Quite suddenly, low branches were brushing his stirrups. He checked. They had reached the trees again. Turning Faron's head, he led them back out, calling to the company to keep together. But the path towards the valley's end continued to drop in ever-steeper, ever-sharper, ever-rockier angles until Faron stumbled and nearly turned a leg. Again and again, they found themselves forced right and up, to the very eaves of the pines, the very sight of which Elrohir had begun to hate.
The third time Elrohir tried to lead the company away, they were checked almost at once by a gully, at the bottom of which rustled a stream: narrow but deep and icily cold. There was no fording its banks.
Elrohir swore at the ill-will of Caradhras and hauled Faron's head around again. But this time, the bay refused, his ears twisting forward. His hindquarters rocked uneasily.
"What now?" Elrohir asked, his fingers already curling around the hilt of the Môrgyl in its saddle sheath. He had known Faron too long not to recognize the beginnings of fear.
Faron neighed, a thundering sound that could be heard for miles across open pasture. But here, it died almost as soon as it began, muffled by the snow. They waited a long moment before, distressingly faint and far off-course, Elladan's grey gave answer and several of the ponies.
Elrohir nudged Faron in that direction, alongside the wood, his heart thumping so loud in his ears he feared he would miss any others that replied. But none did. The Dúnedain horses were silent.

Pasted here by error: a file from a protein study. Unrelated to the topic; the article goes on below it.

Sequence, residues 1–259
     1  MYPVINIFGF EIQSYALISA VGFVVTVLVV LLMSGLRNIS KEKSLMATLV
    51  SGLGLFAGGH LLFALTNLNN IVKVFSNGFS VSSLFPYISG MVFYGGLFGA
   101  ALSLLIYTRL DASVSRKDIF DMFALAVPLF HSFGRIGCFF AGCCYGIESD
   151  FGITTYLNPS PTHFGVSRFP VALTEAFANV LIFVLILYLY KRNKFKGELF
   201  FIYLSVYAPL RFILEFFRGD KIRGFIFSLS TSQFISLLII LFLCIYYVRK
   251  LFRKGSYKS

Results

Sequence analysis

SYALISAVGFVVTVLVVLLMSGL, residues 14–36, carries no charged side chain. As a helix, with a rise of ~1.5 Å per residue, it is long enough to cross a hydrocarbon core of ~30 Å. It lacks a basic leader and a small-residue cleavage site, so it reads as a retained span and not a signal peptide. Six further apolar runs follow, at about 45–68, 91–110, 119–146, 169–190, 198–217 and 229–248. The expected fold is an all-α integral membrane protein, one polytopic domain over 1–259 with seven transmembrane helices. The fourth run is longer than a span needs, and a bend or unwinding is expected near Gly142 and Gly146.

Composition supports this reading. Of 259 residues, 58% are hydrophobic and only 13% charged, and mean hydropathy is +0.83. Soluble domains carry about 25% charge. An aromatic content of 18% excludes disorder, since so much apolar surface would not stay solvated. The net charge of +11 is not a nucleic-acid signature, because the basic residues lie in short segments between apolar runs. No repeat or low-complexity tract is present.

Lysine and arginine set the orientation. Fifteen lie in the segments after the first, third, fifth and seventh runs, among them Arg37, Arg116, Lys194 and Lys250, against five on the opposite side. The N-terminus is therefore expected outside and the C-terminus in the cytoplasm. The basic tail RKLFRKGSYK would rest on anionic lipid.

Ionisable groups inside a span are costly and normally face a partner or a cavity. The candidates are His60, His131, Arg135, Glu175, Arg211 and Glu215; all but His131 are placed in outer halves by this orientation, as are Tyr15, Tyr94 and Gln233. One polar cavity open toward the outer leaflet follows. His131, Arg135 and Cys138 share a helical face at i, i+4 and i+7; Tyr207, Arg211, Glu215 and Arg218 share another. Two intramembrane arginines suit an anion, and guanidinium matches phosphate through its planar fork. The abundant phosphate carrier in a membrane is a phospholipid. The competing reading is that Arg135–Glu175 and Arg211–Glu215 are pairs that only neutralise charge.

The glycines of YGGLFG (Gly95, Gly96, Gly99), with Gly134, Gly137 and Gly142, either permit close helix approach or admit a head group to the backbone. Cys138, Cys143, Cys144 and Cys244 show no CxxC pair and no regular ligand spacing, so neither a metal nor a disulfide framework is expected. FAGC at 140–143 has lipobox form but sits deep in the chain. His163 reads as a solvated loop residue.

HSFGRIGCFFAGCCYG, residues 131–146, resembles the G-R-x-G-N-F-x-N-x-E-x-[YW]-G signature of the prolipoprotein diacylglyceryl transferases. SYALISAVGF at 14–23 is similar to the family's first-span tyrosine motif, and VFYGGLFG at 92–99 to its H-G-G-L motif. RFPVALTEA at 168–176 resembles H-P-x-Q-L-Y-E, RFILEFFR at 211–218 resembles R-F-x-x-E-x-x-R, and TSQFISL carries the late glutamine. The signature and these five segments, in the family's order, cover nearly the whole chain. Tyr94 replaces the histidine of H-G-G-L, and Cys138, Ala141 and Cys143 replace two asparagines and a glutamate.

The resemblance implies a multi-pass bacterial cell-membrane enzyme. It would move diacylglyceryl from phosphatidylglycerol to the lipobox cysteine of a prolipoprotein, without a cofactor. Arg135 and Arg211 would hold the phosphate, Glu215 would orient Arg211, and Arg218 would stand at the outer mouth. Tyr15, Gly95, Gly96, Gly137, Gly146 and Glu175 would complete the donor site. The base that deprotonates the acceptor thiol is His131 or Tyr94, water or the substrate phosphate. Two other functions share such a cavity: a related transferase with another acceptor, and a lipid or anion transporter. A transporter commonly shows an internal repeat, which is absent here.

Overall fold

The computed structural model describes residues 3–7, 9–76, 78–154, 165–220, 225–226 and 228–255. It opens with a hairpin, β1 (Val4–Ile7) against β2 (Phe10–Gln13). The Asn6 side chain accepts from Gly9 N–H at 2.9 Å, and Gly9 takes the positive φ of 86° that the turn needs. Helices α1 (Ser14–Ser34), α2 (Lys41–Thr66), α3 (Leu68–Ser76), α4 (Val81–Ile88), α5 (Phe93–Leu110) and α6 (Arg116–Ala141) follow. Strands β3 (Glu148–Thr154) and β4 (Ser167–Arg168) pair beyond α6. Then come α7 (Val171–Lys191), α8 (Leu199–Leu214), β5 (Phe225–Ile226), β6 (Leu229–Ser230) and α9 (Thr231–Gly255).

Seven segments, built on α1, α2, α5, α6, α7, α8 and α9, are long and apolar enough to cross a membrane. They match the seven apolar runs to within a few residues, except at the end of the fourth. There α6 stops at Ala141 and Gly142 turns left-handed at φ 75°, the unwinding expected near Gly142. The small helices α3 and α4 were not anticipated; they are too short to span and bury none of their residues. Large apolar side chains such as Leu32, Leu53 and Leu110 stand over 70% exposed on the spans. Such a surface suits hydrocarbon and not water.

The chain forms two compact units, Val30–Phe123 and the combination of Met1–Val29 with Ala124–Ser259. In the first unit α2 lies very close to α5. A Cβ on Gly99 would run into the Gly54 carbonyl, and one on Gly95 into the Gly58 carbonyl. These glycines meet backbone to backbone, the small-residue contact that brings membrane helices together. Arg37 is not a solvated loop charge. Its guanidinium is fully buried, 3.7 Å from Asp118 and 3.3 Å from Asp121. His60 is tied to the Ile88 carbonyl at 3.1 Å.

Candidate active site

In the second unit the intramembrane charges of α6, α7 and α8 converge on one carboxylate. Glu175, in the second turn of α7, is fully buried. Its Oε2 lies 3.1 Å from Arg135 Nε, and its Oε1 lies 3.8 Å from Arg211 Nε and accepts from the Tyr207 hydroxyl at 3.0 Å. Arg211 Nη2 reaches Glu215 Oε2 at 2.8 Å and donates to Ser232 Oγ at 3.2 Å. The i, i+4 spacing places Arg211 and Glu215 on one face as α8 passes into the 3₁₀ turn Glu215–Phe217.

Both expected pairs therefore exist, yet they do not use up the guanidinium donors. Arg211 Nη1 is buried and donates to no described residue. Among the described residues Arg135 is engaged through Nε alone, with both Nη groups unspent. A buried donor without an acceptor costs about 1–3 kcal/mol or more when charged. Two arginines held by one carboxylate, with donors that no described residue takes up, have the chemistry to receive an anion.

The wind had died to a murmur, but the pines still quivered as if agitated by a sudden chill. It had been long and long since Elrohir had spoken with the trees that grew here, but the pines were old. They remembered. They clamored as he rode beneath them.
Something bad had happened. Some danger. Branches laden with horrible things…bloodstained roots…
The rope creaked, straining against the wind and the weight at its end. The Dunlending had been hoisted into the air by his wrists. Five minutes and breathing alone would have been agony. Less, with the rocks bound to his ankles. He had been stripped. The tattoos on his arms and chest were nearly unrecognizable, but one, at least, looked like a chieftain's mark. Several iron pennies had spilled from the small, filthy purse shoved between his jaws.
An ugly fate, even for a slaver.
Snow creaked behind him.
Orodbenin started backwards as the Môrgyl hissed from its sheath. "It is only I, my lord."
Elrohir lowered his sword, but Faron still backed from the scout nervously. "Anglenno, sadron," he soothed. "Where are the others?"
Orodbenin pointed back the way he had come, through the trees. "Most of the company is gathered over that way in a copse, my lord. I nearly passed them myself, and I was scarce an armslength from them. It is this accursed snow! We feared to lose you in it, and we very nearly did until we heard your horse."
"Clever beast, that," said an evil voice from the trees just as something heavy and hard struck Faron.
The horse let out a noise Elrohir had never heard before—a wrenching squeal louder even than his neigh. Then he heaved upward. Elrohir dropped reins and sword and buried his hands in the horse's mane, standing in the stirrups to keep his seat.
Faron's fore hooves hit the ground again with a teeth-rattling jolt, but the saddle lurched out from under his rider.
The cry came to Elrohir as if from under a grey wave. Slowly, it rolled back, and the sparks receded from his vision. His back groaned but bent though he could not feel much relief. When he made to stand, his right knee flared with hot fire.